In this fast-paced time of system change, nurses have had to adapt their practice on a minute to minute basis - new PPE practices, testing guidelines, and clinical care plans. Information often comes from the top down, but what about understanding system change from the bottom up? Sarah shares her story about frontline providers transitioning to a new critical care helicopter environment and how those lessons relate in the context of nurses’ practice in a global pandemic.
Sarah Painter RN
Sarah Painter is a flight nurse for STARS Air Ambulance providing critical care helicopter transport in Manitoba. She has been a direct care provider for ten years, a career which began in the emergency room at St. Boniface Hospital. Sarah graduated with a Bachelor of Nursing from the University of Manitoba in 2009. During her undergraduate studies, she served two terms as president of the Canadian Nursing Students Association. She is a founding member and past board director of the Association of Registered Nurses of Manitoba. Sarah is currently pursuing a Master of Science in Human Factors and System Safety at Lund University in Sweden.
Sarah Painter spoke with us this week and shared some of the learnings from the Systems Change and Systems Safety world. She has used the opportunity of STARS preparing to switch to new helicopters to observe how people react to and learn within significant systems change. and speaks She spoke about how that can help nurses and teams work through the changes that come with COVID-19. The findings presented here are part of her thesis and we're the first to hear about them.! Sarah describes how "hidden work" develops, it's benefits and risks, some risks and benefits that come with systems change, how individuals and teams react to systems change and how the flow of information in a time of change impacts the work done.
Her initial questioning about safety and performance came from her work in the emergency department where she noticed the hidden ways people get their jobs done when dealing with enormous complexity in an under resourced environment.
Complex systems are made up of interacting components whose behaviour is difficult to model due to inter dependencies or hidden relationships between parts and their interaction with the environment.
Health systems always include resource constraints, competing priorities, policy inefficiencies, overwhelming demands and changes to normal work. It's expected and typical for the healthcare system to function at above 100% capacity. Policies / flowsheets / practice changes don't always reflect the reality of the work done in an area especially if it was developed or validated in another area. In the world of patient safety, we try to mandate it by creating elaborate rules and processes and forms, but these restrictions take away the clinicians ability to pivot and address the context they're working within.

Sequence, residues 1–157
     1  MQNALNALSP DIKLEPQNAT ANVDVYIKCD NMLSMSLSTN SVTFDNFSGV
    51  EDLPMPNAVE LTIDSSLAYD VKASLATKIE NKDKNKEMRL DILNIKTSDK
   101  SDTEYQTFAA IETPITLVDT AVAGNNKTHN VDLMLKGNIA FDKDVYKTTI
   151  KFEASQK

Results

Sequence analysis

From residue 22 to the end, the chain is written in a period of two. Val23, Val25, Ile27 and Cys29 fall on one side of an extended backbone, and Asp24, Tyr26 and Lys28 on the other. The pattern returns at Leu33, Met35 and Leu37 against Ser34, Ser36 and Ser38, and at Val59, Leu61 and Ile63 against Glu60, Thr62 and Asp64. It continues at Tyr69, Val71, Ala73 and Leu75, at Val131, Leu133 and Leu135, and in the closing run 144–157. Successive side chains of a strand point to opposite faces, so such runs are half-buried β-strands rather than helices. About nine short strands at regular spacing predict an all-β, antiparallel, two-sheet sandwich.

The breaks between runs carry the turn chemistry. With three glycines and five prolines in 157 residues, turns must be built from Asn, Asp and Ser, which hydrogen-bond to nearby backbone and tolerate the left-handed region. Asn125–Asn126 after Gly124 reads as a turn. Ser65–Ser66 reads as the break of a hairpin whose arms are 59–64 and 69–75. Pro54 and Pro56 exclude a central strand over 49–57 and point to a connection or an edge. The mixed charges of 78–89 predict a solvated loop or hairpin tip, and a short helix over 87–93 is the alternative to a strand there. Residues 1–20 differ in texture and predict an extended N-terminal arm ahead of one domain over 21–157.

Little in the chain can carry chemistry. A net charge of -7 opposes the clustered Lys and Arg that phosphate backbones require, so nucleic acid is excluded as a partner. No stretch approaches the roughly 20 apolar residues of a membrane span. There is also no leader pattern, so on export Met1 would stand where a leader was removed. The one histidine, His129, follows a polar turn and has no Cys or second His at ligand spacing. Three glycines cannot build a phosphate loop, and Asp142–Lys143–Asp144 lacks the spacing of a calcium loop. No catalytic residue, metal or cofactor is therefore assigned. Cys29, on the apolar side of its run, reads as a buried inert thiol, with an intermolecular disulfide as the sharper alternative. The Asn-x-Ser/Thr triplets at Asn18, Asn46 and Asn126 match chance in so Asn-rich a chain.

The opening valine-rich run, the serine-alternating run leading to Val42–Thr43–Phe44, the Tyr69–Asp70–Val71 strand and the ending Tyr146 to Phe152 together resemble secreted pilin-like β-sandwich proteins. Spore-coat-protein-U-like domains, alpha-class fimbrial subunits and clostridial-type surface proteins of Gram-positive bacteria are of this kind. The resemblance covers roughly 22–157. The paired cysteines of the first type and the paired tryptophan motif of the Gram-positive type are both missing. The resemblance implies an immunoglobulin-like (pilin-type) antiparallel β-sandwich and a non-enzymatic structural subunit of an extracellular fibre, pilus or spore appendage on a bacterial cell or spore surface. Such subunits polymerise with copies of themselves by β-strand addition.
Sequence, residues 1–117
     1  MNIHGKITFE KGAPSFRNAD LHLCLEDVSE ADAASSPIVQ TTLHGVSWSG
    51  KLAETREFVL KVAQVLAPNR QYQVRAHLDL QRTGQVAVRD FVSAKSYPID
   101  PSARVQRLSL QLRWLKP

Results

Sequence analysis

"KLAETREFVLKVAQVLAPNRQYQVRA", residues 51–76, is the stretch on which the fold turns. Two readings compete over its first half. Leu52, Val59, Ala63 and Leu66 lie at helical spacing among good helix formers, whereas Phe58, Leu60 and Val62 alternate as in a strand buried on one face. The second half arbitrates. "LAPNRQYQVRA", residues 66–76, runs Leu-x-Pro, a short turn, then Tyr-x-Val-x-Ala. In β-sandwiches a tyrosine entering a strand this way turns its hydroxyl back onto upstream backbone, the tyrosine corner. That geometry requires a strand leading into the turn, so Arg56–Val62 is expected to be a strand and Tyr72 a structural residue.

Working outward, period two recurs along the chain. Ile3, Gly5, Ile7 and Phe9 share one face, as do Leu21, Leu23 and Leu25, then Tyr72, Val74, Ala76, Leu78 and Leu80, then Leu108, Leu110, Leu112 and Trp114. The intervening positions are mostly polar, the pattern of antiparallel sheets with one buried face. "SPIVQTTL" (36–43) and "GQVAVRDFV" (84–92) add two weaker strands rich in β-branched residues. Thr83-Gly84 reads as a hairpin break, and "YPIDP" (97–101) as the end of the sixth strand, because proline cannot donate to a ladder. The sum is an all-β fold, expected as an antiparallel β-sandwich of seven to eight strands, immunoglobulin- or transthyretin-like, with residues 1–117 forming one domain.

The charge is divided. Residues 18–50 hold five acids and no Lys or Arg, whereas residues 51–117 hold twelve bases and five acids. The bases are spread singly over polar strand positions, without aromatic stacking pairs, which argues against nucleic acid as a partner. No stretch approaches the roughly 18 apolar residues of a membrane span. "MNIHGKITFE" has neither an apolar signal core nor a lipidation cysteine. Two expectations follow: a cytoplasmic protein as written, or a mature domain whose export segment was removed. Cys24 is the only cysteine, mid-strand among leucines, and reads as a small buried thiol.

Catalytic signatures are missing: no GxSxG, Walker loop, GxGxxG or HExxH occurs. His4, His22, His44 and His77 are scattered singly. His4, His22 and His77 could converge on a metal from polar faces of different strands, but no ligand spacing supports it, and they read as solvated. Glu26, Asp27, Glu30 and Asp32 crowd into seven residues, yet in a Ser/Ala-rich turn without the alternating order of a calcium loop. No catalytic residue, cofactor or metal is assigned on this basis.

In complex systems like healthcare, it is the people who come to work who care for the patients and who make the systems work in spite of really daunting odds. These are the people who understand the complexity of the problems - Sarah described the psychologist's fallacy which occurs when an observer assumes that their subjective experience reflects the true nature of an event. It's also important to realize that some of the adjusted work people do is maladaptive - they devise ways to get the job done that may be unsafe. This is one of the reasons it's important to decrease the gap between the imagined and the practical worlds.
Any disruption to practice can have a negative impact on performance and in healthcare inevitably makes its way to the patient. No environment is neutral, and every environment is imperfect but the benefit of the familiar is that people have learned to work with it. When the practice environment changes we have to learn to navigate it all over again with new forms of risk. This shifts some cognitive bandwidth from caring for patients to managing complexity. But systems change opens a window into the actual practice world and that can be helpful.
There is a big difference in how people feel about a change they choose compared to one that is mandated. Safety scholars say that ambivalence toward change is a good thing for safety and performance because when people feel unsettled or uncomfortable they're more sensitive to finding interactivity that was unexpected and they ask really good questions.
The very best learnings from system change come from groups making sense of the change, figuring out how it impacts their practice and problem-solving systems that didn't work the way they were supposed to. This is an expected outcome in safety theory - prosocial motivation explains that people come to work because they care about the work they do and they care about their colleagues - they show up to help them (and in healthcare, their patients), not necessarily for the facility or their administration. Team environments tend to invest heavily in sharing learning through stories.
Systems Learning acknowledges information travelling from the top of an organization down and sometimes from the bottom up but what happens when that information hits the frontline can be hard to predict. There are often mechanisms for frontline staff to use a reporting system or email their manager about the changes but what Sarah observed as she followed STARS staff was the whole team identifying problems and potential solutions together and then bringing them forward as a group. 80-90% of the safety critical learnings were found in their group chat.